At times they would abuse detainees. Nothing severe or grotesque like Abu Ghraib. But the interrogator would sometimes slap them around. I knew it was wrong. I did not hit the Iraqis, but I would translate. I told the Marine interrogators I did not want to translate for such interrogations. (These weren’t CIA, they were Marine counterintelligence.)
They ignored my complaints. I really wanted to run away the day that sergeant chewed me out. I seriously thought of stealing a humvee and fleeing to Syria, selling it, throwing away my uniform. But I would become a fugitive. Desertion during a time of war is a serious offense. Because I’m an Arab, it’s likely the Marine Corps would suspect I joined the insurgency. I knew things. Worked in counterintelligence. Had access to classified information. In the end it would have been a stupid decision and I surely would have ended up kidnapped and killed by Al-Qaida.
In fact, one of the Marines I studied the Iraqi dialect with before deploying in 2004, a Lebanese-American by the name of Wassef Hassoun, did exactly that. Because of our Arabic skills, Hassoun was attached to Marine counterintelligence/interrogation teams like myself. He deserted the Marine Corps while we were in Iraq and fled to Lebanon in 2004.
However, after he disappeared a video appeared online and it looked like he had been kidnapped by Islamic extremists. Nobody really knows what happened. There were even rumors he joined the insurgents and fought against the U.S. during the Battle of Fallujah, that they found his uniform and military ID in an insurgent stronghold in Fallujah. But I don’t believe that. I think he just wanted to get away from the war and he did not believe in what we were doing any more. Eventually, he reported to the U.S. embassy in Lebanon and went back to the States, where the Marine Corps charged him with desertion. They then let him go on leave. Of course, he fled and last I heard he lives in a heavily Shi’a Muslim area of Lebanon. The FBI is after him, but I’m sure he will never return to the U.S.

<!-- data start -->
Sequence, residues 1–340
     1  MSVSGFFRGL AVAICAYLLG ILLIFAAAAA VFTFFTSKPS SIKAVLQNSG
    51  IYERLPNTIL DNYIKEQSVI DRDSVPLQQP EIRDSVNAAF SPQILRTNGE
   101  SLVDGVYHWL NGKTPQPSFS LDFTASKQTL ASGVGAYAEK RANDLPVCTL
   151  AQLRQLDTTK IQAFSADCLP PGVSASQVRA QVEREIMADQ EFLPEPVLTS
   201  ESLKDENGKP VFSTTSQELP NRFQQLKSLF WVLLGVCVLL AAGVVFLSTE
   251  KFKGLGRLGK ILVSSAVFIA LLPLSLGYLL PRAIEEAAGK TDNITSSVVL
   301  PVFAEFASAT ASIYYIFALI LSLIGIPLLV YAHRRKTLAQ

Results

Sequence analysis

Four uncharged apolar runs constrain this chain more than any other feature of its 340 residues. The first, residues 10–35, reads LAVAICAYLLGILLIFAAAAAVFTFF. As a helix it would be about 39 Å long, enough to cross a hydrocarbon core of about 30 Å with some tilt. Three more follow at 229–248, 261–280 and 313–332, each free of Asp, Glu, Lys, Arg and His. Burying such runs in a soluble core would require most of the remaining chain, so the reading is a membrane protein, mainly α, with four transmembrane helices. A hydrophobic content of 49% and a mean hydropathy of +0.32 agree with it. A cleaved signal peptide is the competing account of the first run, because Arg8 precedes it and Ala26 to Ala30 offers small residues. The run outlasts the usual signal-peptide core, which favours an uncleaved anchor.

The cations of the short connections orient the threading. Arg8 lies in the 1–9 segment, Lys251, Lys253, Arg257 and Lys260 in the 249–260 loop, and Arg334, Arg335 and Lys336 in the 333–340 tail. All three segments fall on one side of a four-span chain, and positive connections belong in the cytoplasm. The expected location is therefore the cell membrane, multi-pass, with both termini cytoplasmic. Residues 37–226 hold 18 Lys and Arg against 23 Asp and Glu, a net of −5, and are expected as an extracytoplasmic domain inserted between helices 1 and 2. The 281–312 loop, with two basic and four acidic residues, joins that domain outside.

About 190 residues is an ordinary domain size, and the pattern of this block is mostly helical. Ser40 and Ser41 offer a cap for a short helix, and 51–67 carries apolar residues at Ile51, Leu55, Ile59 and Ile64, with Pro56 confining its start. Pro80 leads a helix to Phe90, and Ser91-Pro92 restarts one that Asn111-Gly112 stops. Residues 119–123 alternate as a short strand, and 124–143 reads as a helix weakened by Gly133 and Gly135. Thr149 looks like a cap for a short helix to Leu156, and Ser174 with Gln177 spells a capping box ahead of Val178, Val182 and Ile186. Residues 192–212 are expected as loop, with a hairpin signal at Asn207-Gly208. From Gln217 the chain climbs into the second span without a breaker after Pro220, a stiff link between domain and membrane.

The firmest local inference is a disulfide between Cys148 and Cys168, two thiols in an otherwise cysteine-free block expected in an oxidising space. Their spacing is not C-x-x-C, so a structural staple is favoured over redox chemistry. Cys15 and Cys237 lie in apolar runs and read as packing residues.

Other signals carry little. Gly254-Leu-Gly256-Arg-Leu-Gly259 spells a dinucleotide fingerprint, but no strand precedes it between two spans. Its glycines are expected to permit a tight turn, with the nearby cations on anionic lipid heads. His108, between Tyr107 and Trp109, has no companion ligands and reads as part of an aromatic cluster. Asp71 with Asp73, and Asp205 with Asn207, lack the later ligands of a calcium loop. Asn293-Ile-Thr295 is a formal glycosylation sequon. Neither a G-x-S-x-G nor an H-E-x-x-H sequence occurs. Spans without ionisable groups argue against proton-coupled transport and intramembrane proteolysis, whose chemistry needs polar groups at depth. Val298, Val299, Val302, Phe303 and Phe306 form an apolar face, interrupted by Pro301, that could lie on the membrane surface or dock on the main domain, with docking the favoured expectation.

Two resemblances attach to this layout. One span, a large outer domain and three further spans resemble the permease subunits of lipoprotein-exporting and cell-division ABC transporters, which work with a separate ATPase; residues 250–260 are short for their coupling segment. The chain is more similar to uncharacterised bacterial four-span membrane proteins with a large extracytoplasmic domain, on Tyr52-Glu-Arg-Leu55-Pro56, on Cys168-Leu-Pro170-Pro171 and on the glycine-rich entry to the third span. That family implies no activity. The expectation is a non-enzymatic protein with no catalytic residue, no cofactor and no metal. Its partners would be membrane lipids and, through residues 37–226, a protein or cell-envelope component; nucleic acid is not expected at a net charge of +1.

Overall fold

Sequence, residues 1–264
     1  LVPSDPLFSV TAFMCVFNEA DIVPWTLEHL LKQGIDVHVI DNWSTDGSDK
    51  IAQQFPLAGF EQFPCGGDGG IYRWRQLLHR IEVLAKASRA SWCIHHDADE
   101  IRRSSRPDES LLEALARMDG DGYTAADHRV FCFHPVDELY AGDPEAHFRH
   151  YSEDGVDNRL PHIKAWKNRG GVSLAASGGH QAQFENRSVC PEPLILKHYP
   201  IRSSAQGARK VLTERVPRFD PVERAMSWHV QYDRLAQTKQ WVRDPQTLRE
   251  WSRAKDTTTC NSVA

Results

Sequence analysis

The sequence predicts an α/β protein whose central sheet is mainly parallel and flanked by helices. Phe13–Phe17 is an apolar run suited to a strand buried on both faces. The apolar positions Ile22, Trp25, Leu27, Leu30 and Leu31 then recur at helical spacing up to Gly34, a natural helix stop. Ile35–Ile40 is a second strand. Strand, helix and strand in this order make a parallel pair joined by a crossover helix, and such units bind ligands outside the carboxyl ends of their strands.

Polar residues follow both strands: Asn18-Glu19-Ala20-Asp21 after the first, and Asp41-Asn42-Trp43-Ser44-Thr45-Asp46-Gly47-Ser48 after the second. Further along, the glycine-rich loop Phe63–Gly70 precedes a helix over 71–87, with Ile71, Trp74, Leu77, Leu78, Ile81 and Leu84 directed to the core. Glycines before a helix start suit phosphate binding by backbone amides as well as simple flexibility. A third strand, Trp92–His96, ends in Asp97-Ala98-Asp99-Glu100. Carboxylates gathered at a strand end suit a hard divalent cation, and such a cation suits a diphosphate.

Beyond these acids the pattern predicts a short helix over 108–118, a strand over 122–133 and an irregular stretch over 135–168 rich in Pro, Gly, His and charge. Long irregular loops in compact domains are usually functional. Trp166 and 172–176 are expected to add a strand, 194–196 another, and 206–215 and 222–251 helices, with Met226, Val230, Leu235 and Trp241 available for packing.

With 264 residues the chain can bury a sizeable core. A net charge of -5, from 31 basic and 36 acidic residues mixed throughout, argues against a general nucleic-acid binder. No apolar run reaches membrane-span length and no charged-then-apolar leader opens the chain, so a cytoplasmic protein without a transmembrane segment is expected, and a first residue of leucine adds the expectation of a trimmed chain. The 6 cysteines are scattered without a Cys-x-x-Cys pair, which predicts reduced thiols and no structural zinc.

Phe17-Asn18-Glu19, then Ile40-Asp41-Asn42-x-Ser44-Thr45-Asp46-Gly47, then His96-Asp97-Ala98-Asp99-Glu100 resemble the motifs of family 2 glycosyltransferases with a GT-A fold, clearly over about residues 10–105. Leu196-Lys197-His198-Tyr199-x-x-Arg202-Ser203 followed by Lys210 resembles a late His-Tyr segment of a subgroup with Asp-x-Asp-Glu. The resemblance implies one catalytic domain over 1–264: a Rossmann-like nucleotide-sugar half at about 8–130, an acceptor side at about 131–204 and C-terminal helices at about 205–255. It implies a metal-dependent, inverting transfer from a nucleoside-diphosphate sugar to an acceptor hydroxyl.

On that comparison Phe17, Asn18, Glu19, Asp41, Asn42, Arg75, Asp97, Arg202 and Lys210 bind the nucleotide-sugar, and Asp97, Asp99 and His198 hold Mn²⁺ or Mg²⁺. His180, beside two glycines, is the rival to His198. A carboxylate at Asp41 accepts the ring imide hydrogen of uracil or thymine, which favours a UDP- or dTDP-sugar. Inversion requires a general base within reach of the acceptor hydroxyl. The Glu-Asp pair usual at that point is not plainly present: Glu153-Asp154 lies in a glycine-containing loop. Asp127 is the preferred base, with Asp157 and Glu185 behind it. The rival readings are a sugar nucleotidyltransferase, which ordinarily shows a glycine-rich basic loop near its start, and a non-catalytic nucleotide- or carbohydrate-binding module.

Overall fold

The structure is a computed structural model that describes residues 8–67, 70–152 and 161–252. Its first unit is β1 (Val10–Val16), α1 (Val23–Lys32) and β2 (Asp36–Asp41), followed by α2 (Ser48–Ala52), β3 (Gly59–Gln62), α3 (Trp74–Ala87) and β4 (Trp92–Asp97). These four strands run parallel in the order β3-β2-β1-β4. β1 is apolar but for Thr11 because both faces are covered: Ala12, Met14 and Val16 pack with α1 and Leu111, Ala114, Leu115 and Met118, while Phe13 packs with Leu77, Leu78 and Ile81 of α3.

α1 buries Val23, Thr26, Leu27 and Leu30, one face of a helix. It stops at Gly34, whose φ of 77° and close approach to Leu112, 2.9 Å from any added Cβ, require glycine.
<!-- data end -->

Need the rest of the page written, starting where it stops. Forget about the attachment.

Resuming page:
My point is that being a soldier is hard, and when you are put in a situation like a civil war, or an invasion or occupation, you are faced with tough decisions. Perhaps I should have run away from the Marines the moment I saw an Iraqi get slapped in the face.
Perhaps I’m just a coward. During the Battle of Fallujah, I slapped an enemy prisoner of war and was sent back to the base where I got a slap on the wrist by the colonel and got sent home. I was so tired and miserable. After an eleven month tour in Iraq, I was at wits end. I was just as afraid as that Syrian soldier at the barrier talking to Big Al.
In that moment, that Syrian soldier wanted to help his fellow Syrian, though as part of Assad’s security forces that soldier was an instrument of the destruction and murder. He might even have wanted to join the rebel army. Perhaps he did, perhaps he didn’t. We will never know.
In the end, moral courage is hard to define. The courage to stick with your mission, with the uniform you have donned, or to abandon it when you become part of something immoral. When the pain and misery of a war blurs the lines of right and wrong, of good and evil, of sacrifice and murder, the very idea of personal liberty and integrity becomes hard to understand.Tweet